Semplice's main program display, when you finally get it running, appears as follows:
At the top of the screen, the Header Area tells you what version of Semplice you're running and in what folder you've launched the program (the 'You are in…' descriptor).
The Main Area of the screen consists of a series of menu options, each option performing one specific function and making one specific type of change to your digital music files. Broadly speaking, there are three main categories of menu option:
- Creation and De-creation of superFLACs
- Altering audio codecs or volumes
I'll briefly go through each of these categories now, though the detailed explanation of what each does can be found elsewhere in this documentation set.
The entire left-hand set of options are all related to adding Vorbis Comments to your FLAC files: they are the FLAC equivalent of what people generally call 'metadata tags'.
Options 1 to 6 allow you to supply tags which apply 'recording-wide': that is, if you've got four files, each representing one movement of a symphony, then the first 6 tags will apply equally well to all four files: things like the symphony's composer, the composition name, the album art, the recording date: all such pieces of information won't vary from one file to the next.
Options 8 and 9 are track-specific: these will be the track numbers (which will obviously be unique to each file: a symphony doesn't tend to have two first movements, after all!) and the track titles, which will usually be tempo indications that, again, will be file-specific. File 1's Allegro will be distinct from File 3's Largo, for example.
A special option 7 will trigger the display of a sub-menu that will allow you to add 'custom tags' to a set of FLAC files (and thus apply equally to all FLAC files in the folder once more). The contents of the sub-menu are dynamic: they depend on entries you make in Semplice's persistent configuration file. For example, suppose I have a burning desire to record the name of the recording engineer for every one of my recordings: that's not one of the 'canonical' tags, so it has to be a custom tag. I can therefore add this line to my persistent configuration file:
With that entry saved, if I launch Semplice and take option 7, I see this:
If I then take that option and type in some data, when I subsequently inspect the tags present in my music files (main menu option 10), I would see this:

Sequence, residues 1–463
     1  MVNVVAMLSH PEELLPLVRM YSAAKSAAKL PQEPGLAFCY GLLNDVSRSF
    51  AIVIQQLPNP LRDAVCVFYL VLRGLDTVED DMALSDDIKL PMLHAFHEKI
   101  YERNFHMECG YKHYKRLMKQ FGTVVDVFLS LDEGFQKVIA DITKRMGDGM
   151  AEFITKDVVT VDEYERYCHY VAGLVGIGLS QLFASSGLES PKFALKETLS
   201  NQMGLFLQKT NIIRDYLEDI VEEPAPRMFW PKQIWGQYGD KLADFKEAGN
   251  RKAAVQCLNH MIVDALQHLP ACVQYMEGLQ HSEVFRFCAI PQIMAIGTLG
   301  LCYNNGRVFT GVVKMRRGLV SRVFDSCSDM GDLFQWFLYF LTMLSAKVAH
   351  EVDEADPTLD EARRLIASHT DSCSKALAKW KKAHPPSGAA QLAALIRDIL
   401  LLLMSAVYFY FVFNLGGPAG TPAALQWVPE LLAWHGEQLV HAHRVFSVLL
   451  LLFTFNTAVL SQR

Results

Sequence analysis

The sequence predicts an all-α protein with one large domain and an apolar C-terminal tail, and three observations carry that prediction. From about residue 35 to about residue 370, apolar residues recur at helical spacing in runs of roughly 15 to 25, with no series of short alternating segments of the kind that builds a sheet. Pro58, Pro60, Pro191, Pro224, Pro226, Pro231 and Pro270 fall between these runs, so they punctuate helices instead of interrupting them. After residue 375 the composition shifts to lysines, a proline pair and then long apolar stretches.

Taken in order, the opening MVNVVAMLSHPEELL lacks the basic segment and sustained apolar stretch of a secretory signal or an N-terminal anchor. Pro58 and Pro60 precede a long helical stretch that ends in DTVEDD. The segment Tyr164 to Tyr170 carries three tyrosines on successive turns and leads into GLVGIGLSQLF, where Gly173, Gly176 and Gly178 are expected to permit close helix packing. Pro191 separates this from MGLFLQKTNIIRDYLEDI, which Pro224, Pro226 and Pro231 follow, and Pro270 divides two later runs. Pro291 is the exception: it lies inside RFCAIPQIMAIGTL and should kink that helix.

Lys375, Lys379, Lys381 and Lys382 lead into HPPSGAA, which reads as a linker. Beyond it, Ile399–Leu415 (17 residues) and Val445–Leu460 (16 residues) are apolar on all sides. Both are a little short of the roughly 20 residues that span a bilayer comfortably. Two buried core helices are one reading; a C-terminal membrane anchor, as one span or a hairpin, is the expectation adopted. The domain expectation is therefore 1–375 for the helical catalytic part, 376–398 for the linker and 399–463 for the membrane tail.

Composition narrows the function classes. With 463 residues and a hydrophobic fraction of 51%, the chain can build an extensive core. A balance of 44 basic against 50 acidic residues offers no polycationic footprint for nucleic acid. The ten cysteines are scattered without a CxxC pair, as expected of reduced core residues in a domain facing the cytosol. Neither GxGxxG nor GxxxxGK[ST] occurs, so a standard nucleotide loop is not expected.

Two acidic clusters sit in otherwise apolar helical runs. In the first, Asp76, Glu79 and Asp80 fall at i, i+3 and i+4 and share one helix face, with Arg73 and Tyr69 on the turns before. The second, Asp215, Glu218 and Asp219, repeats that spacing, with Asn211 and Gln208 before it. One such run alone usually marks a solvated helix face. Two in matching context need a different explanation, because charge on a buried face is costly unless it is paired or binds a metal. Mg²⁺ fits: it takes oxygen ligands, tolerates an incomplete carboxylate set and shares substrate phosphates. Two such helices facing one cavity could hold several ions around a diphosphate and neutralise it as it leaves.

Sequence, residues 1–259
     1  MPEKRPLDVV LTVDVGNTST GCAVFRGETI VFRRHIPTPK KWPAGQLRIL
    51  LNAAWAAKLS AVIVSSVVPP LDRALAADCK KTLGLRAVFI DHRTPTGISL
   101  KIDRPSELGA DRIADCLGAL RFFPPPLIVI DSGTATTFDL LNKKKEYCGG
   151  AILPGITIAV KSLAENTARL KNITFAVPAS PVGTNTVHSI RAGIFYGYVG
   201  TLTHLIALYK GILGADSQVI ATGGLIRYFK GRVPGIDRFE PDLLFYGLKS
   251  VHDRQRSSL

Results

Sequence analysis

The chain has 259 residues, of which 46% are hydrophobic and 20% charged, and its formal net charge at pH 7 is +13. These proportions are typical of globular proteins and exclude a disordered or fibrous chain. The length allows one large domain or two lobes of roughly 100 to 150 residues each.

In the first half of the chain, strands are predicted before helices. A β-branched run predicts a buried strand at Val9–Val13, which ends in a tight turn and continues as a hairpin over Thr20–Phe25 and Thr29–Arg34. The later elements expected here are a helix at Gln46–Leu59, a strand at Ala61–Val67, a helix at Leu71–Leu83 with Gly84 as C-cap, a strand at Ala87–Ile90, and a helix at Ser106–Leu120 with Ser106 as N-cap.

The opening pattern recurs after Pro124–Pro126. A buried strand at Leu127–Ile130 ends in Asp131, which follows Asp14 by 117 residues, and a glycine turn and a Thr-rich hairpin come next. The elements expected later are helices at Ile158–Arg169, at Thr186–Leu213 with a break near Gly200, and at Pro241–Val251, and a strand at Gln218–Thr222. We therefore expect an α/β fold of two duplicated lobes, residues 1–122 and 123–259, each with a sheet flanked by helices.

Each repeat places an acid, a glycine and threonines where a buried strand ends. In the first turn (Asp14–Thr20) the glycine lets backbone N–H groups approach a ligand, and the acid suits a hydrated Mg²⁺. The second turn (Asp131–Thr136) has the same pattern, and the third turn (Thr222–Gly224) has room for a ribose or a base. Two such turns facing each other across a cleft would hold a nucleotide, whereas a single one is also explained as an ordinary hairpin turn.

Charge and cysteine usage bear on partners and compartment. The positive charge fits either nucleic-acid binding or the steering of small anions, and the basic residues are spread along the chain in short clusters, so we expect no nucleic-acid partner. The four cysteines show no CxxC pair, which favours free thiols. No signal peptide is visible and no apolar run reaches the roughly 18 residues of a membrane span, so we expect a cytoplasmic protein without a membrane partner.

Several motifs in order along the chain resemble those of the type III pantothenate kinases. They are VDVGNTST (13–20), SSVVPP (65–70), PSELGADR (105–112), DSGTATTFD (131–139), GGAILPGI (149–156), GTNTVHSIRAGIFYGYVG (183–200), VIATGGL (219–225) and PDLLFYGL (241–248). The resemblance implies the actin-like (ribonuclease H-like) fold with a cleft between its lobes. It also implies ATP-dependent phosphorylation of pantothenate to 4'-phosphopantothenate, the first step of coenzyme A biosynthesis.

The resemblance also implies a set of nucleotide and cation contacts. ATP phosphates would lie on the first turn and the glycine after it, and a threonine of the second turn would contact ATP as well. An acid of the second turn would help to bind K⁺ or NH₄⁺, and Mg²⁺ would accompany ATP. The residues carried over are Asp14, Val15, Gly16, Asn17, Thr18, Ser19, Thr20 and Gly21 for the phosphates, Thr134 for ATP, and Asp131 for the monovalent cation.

The highlighted entry at the end there tells you that my FLAC file has been tagged with something called 'ENGINEER' with a value I was able to supply using Semplice's custom tag capabilities.
Semplice supports up to 8 custom tags, entirely of your own devising. You don't have to use them at all if you don't want to (I personally tend not to); and if you do choose to use them, you need to be aware that they are not functionally useful. By that I mean simply that no music players with which I'm familiar will display such tags, or use them to filter or search by. It is as though the tags don't even exist. Nevertheless, they allow you to capture 'non-canonical' data and store it within the music files to which it relates, so they may have some use to some people.
The Semplice 'tagging model' is described in more detail here.
3.0 Cuesheet Processing
Semplice has the ability to concatenate multiple FLACs into a single file which contains within itself all the constituent, individual FLACs, together with a "cuesheet" which describes where each component file starts and ends within the larger single FLAC.
Consider, for example, these four files:
Each file represents one movement in a symphony. There is nothing wrong with leaving each 'individual FLAC' standalone like this, but there's also no need to do so. Using Semplice's Option 11, we can turn these four files into a single 'superFLAC':
Now we see a fifth file sitting at the bottom of the list: if you check its file size, it is approximately the sum of the sizes of the original four files. You'll notice that Semplice creates this superFLAC in addition to the individual files: that is, superFLAC creation is entirely non-destructive. On the other hand, Semplice will offer to delete the original per-movement files for you: